Tether Cedes Territory to Rival Stablecoins as Crypto Investors Diversify

A tumultuous spring in cryptocurrencies is remaking the pecking order among so-called stablecoins, which serve as a bridge between crypto and government-issued money. 

Tether is the best-known and most widely traded stablecoin—a breed of cryptocurrency that purports to offer a reliable conversion to and from dollars at a fixed price. After Tether fell from its $1 peg to 95 cents on May 12, investors redeemed $10 billion in the weeks that followed.

Other stablecoins added users over the same period. USD Coin, the largest stablecoin after tether, added more than $5 billion in market value, while Binance USD, now the third-largest stablecoin, added about $1.4 billion, according to data provider CoinGecko. 

Tether remains the largest stablecoin by far with a $72 billion market value. On Binance, a popular crypto exchange, many tokens and derivative contracts are still quoted and collateralized in tether. The current market value of USD Coin is about $54 billion while Binance USD has an $18 billion market capitalization. 

Deemed stablecoins for their supposed lack of volatility, these assets have become a larger part of the digital-asset ecosystem over the last two years. Stablecoins account for about $160 billion in market value, up from almost $11 billion in June 2020. 

But since the May collapse of terraUSD, formerly the third-largest stablecoin, investors and regulators have become more concerned about the risk of a 2008-style “bank run” on tether. In May, Treasury Secretary

Janet Yellen

reaffirmed the need for Congress to create a regulatory framework for stablecoins. 

On Binance, a popular crypto exchange, many tokens and derivative contracts are still quoted and collateralized in tether.



Photo:

Marco Bello/Getty Images

Changpeng Zhao,

Binance’s founder and CEO, whose exchange co-launched the stablecoin Binance USD, said he regards tether as a “high-risk stablecoin” given the lack of knowledge and information about its reserves. 

“It’s a black box to most people, including myself,” he said.

Tether is tied to the U.S. dollar by maintaining an equivalent amount of reserves that include commercial paper—or corporate short term loans—bank deposits, precious metals and government bonds. Tether hasn’t disclosed its reserve investments in detail, a decision that alarms some investors who contend the firm may be holding investments that it can’t quickly convert to cash. 

Regulators worry that if investors redeem tether en masse, the company would have to sell these traditional assets in order to give clients their money back, potentially setting off a fire sale that could destabilize financial markets. 

Tether reached a $18.5 million settlement in 2021 with the New York attorney general. The attorney general’s office said the companies made several public misrepresentations regarding the dollar reserves backing for tether.

WSJ’s Dion Rabouin explains why Wall Street has bet big on crypto and what that means for the new asset class and its future. Photo composite: Elizabeth Smelov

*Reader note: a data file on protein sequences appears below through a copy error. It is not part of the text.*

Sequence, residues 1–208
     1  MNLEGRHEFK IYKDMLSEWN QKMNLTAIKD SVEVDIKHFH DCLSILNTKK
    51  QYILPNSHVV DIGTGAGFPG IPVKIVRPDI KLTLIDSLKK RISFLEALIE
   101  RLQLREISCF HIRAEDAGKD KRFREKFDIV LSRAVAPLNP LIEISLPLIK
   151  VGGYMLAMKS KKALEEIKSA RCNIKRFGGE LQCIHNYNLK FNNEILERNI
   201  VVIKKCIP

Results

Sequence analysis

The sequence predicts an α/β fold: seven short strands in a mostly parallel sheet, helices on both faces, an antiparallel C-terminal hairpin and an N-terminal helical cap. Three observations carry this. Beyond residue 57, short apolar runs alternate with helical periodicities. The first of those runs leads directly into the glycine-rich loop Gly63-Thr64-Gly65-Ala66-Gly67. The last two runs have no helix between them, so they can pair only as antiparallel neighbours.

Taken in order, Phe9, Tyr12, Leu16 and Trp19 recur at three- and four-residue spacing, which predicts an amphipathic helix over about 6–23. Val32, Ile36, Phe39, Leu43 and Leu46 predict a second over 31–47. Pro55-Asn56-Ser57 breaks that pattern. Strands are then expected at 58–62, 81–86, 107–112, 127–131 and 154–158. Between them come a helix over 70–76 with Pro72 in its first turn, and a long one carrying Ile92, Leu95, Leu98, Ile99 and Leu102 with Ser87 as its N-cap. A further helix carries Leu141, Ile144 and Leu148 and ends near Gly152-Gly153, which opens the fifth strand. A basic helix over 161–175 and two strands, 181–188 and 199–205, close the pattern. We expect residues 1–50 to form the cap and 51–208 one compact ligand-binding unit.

Circle Internet Financial Ltd, the company that issues USD Coin, said that in May investors flocked to USD Coin in a flight to safety.

“A lot of people got hurt in the Terra collapse,” said

Dante Disparte,

Circle’s chief strategy officer. “As a result, I think markets are rattled, and people are posing real questions of other types of crypto assets that may be stable in name only.”

Circle says it keeps its reserves solely in cash and cash equivalents. The firm said it would go public later this year through a merger with a special-purpose acquisition company.

Nic Carter, a partner at crypto-focused Castle Island Ventures, expects USD Coin to become the dominant stablecoin by market capitalization. Mr. Carter said his firm often funds its venture investments in USD Coin. 

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“Everyone in crypto is generally comfortable with USDC, we feel that there’s no real optics risks of using USDC,” he said. 

Since May 9, more than 130 large cryptocurrency holders increased their USD Coin balance by at least $1 million and decreased their tether balance by at least $1 million, according to data from analytics firm Coin Metrics. The shift has slowed since mid-May but continues.

In a blog post, Tether said its redemptions didn’t move directly into other stablecoins, but into the traditional finance system like banks. 

Paolo Ardoino,

chief technology officer at Tether Holdings Ltd., said the company should have done a “much better job” in addressing the concerns about its reserves, especially before 2021, when the firm reached the New York settlement. He said the firm is undergoing a full audit of its reserves. 

“We don’t have anything to hide,” Mr. Ardoino said. “People were saying Tether didn’t have the money all this time, yet we were the only group that was able to redeem $7 billion in 48 hours.”

Nate Maddrey, an analyst at Coin Metrics, said large investors, who range from exchanges to deep-pocketed traders, took advantage of Tether’s fall to 95 cents to redeem a large number of discounted tether for $1. Large investors with at least $100,000 in tether are able to redeem the coin for the full $1 in value, pocketing the difference.

Write to Vicky Ge Huang at vicky.huang@wsj.com

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